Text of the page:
Conformity, Greatness, Mediocrity and George Bailey
In college I had a roommate who facetiously claimed that the Frank Capra Christmastime classic, It’s a Wonderful Life, had been commissioned by the U.S. Government as a way to dampen expectations of the post-war population. Soldiers returning from the war wanted not just a piece of the American Dream, they wanted to achieve, to aspire, to conquer life the way they had conquered death on the battlefields of Europe and the Pacific islands. In short, they wanted it all. The Feds, fearful of a potential uprising of unsatisfied citizens, hoped to quell their desire, and what better way to do so than to make a movie about a man with big dreams who by the film’s end learns life’s most valuable lesson: that no man is a failure who has friends? A wonderful theory, and one that made the twenty-something me laugh and take note, as I sure as hell wasn’t going to settle for the simple life. No fricking way.
Fast forward just a short decade or so, and I was an at-home dad taking care of twin daughters in a three-bedroom ranch in suburban Pennsylvania. So much for conquering the world, though there were days – say, on a sunny weekday when my kids and I successfully tackled a trip to the Philadelphia Zoo with no spousal lifeboat – that I did indeed feel like The King Of The World.
Government conspiracy or not, the idea of conformity did seem to take hold in post-war United States, so much so that author Richard Yates devoted his 1961 debut novel Revolutionary Road to the concept. In a 1972 interview, Yates says of his novel: “During the fifties there was a general lust for conformity all over this country, by no means only in the suburbs—a kind of blind, desperate clinging to safety and security at any price…” He also says his book is about “…a series of abortions, of all kinds—an aborted play, several aborted careers, any number of aborted ambitions and aborted plans and aborted dreams.”
George Bailey, right?
Not so fast.
As I was reading the book last month, I noticed that Yates’s protagonists, Frank and April Wheeler, were living out the second part of a life cycle that Kurt Vonnegut Jr. describes in his novel, Deadeye Dick:
“If a person survives an ordinary span of sixty years or more, there is every chance that his or her life as a shapely story has ended and all that remains to be experienced is epilogue. Life is not over, but the story is…I suppose that’s really what so many American women are complaining about these days: They find their lives short on story and overburdened with epilogue.”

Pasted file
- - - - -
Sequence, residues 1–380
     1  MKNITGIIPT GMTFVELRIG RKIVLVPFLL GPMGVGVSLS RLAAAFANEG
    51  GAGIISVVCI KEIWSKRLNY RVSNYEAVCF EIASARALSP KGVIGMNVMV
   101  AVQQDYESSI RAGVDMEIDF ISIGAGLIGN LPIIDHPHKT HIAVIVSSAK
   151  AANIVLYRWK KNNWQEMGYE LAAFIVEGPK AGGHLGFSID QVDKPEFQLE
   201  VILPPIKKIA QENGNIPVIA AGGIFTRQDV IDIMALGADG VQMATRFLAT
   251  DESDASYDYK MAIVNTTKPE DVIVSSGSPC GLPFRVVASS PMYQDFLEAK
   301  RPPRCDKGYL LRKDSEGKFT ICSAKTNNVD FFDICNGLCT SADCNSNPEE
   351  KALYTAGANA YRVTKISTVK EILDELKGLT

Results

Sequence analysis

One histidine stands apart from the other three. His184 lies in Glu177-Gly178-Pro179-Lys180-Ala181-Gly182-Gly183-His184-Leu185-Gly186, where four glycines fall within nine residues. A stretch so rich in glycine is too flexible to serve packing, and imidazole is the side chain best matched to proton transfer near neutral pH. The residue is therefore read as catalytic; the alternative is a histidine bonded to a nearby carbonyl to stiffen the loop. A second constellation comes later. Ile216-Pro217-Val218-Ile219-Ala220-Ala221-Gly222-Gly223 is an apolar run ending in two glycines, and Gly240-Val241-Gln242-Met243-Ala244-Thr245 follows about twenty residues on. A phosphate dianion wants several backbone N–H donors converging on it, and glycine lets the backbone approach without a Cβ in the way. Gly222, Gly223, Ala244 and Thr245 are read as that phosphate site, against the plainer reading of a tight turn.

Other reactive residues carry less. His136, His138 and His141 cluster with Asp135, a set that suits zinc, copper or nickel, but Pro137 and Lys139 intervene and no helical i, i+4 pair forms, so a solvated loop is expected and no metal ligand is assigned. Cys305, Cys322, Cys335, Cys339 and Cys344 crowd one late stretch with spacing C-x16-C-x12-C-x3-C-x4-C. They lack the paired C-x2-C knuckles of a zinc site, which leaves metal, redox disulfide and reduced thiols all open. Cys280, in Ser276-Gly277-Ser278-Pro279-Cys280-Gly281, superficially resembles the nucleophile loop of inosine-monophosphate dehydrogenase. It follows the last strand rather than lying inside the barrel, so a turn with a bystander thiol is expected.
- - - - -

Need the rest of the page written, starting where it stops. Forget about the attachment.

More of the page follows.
Overburdened with epilogue. The unhappiness of Yates’s characters really had nothing to do with marriage, suburbia, careers or lack thereof, hobbies, home projects or friends. The Wheelers were going to be miserable whatever their life circumstances. Their stories were over, and they were living out their epilogues. They experienced no joy from their children. They didn’t do interesting things on the weekends. They didn’t enjoy the company of others. They did nothing to help people. They were largely sleeping walking through life.
George Bailey lived a life that – while perhaps not the one he’d envisioned as a youth – was quite rich in comparison, though one could argue that this conclusion is the result of rationalizing. He didn’t achieve greatness, and therefore had no choice but to find solace in mediocrity. But are those the only alternatives? Is the alternative to greatness – to achieving one’s dreams at any cost – mere mediocrity? Is George Bailey anything special in the end? John Steinbeck might not think so. In his novel East of Eden, the character Sam Hamilton says, “When the Lord God did not call my name, I might have called His name – but I did not. There you have the difference between greatness and mediocrity. It’s not an uncommon disease…I’m glad I chose mediocrity, but how am I to say what reward might have come with the other?”
How, indeed. In the current movie, La La Land, the final segment offers a glimpse into alternative lives for the two leads had they chosen difference courses, and I suppose we all play out these parallel universes in our imaginations from time to time and wonder what would have been like had we taken a different turn, said yes instead of no or vice versa, or taken a risk we weren’t prepared to take. But does mean that the life we live – perhaps a rather common life – is mediocre?
I argue that it might be, but it definitely needn’t be.
More on this point next week.